With a recent Emmy nod for HBO's Confirmation, a newly inked development deal with ABC Studios, and baby No. 2 on the way, Scandal's Kerry Washington clearly has her own life "handled." The ever-busy star took time from shooting her upcoming season to sit down with InStyle's Ariel Foxman for our September issue, where she spoke candidly about the state of our world today. While her 3 million Instagram followers are no strangers to the 39-year-old voicing her opinion, she did offer us a rare look into her life as a mother and woman's advocate, and why she chooses to remain positive in spite of today's headlines.  Read a sneak peek of what she revealed below, and watch behind-the-scenes video from our cover shoot above. To see the full feature, pick up the September issue of InStyle, available on newsstands and for digital download Friday, August 12


She's taking parenting notes from Shonda Rhimes. On preparing for the arrival of her second child, she tells us she's taking advice from her boss. "I consider myself busy," Washington says, "but [Scandal creator and writer] Shonda [Rhimes] has about four of five shows, three kids... She says, 'If you feel like you have just the right amount of help, then you don’t have enough.' My therapist said this too. You need a lot of support. Not just logistically but emotionally and spiritually."

She leans in. "I feel like there is a misconception of this catty, competitiveness between women," says Washington, who recently took part in Sheryl Sandberg's campaign urging women to help each other in the workplace. "That has not been my experience, particularly in Shondaland. My mother is one of seven kids…so I have a lot of strong women in my family, and I have supportive, beautiful relationships with all of them." She's also a grad of N.Y.C's prestigious all-girls Spence School, so she's "always believed in the collective power of women." "Being the one woman in the room should not be seen as a victory," she says. "If there’s only one of us in the room, we’re still a token; we don’t actually have an empowered voice. If there’s two of us, we’re still a minority. If there’s three… then we’re allowed to have a multiplicity of opinions."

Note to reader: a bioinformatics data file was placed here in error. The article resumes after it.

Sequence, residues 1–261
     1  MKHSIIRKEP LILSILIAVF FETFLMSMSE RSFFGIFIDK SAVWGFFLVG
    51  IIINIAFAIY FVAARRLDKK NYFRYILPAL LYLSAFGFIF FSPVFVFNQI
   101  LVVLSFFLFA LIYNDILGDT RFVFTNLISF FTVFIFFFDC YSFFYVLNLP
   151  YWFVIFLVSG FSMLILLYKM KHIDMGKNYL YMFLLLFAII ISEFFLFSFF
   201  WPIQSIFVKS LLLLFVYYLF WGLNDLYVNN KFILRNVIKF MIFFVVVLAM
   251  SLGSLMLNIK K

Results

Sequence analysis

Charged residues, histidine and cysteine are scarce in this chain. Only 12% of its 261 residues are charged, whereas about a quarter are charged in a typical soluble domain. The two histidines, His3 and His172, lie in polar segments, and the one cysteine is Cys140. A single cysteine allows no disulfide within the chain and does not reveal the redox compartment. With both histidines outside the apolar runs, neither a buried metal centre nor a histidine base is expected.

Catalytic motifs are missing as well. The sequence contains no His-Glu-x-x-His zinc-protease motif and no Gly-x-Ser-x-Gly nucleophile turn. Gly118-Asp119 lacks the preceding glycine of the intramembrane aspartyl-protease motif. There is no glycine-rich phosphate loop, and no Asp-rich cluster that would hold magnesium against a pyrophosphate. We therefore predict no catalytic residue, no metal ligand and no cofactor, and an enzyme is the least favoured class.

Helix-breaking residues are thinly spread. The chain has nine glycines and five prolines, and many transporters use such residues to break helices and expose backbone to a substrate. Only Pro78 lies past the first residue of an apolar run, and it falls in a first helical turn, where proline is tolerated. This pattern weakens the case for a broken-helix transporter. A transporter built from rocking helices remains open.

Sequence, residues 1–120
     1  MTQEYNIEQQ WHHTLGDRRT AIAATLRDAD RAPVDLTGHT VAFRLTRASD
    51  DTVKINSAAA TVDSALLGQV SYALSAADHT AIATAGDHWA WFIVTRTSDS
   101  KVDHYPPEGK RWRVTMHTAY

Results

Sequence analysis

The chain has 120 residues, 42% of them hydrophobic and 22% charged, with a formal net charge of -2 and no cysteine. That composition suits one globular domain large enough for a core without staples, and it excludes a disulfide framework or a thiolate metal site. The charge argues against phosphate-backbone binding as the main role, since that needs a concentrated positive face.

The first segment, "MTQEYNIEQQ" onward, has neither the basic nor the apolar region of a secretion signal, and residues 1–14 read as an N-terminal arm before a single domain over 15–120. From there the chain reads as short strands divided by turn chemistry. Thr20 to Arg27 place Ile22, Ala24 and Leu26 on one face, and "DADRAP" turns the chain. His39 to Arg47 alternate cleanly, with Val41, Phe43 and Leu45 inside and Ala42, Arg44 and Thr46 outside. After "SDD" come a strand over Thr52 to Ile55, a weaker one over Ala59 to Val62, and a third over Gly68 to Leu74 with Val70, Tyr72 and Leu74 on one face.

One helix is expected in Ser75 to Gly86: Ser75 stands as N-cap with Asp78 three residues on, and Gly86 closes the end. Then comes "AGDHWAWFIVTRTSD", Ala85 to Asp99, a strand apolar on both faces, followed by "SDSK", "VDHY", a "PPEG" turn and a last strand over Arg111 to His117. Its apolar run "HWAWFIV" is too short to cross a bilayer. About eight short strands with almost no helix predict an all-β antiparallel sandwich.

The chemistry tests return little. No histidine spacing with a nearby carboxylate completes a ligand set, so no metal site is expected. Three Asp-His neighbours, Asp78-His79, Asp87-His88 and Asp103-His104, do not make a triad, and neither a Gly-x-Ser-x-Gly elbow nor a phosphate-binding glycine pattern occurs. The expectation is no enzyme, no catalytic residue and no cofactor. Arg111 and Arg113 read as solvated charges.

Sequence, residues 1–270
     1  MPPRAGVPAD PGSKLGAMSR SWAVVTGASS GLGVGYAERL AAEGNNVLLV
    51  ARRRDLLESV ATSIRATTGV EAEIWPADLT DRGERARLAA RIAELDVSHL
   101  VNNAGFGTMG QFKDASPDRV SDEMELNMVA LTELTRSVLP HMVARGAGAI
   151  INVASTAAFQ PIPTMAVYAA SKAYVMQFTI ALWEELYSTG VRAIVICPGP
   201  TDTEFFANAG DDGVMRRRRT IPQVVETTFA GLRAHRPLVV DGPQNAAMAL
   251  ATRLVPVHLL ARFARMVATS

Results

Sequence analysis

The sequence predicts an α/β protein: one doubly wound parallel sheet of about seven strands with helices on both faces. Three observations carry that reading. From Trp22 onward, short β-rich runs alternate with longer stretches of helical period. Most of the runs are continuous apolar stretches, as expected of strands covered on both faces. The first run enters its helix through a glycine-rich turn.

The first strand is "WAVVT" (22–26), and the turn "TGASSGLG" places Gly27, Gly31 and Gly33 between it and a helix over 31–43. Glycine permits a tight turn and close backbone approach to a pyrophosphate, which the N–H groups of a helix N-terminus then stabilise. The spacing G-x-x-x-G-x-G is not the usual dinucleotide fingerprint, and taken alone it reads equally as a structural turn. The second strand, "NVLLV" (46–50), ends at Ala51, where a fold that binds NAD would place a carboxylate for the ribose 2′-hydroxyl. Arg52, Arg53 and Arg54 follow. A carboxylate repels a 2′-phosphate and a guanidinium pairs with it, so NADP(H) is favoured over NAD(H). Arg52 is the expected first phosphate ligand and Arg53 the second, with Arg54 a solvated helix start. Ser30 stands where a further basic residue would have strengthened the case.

Speaking of Spence... "From the time I was 11 or 12, everyone [at school] was like, 'You are so lucky to be here.' And I was lucky, but so were they," she says. "They were lucky I was there because I gave them an expanded idea of what humanity looks like, feels like, and how it expresses itself."

Credit: Thomas Whiteside

She doesn't want to live in a color-blind world. "I don't want to not be African," she says. "The goal is to live in a world where my race doesn’t limit my access, where I can see myself represented in the highest level of society without any limitation."

She feels positive about social change. "I choose to feel optimistic, because I don’t think I could get out of bed if I didn’t," she shares. "The key will be when we stop allowing our otherness to separate us. Whether it’s immigrant’s rights, women’s rights, civil rights, or LGBT rights, we’re all under attack, because none of us belongs to that small group who have held power for a very long time."

She takes time for quiet reflection. In fact, that's part of the reason for her recent social media hiatus. "You arrive at a certain place of achieving and suddenly you feel like your goals are being dictated by other people," she says. "Right now, as I get ready for this second baby, it’s really about me being in touch with what I want. I didn’t get here because I was trying to be what somebody else wanted me to be… So for now, I’m leaving myself open to the adventure."

For more from Washington, including her thoughts about pregnancy and why she doesn't follow anyone on social media, pick up the September issue of InStyle, available on newsstands and for digital download Friday, August 12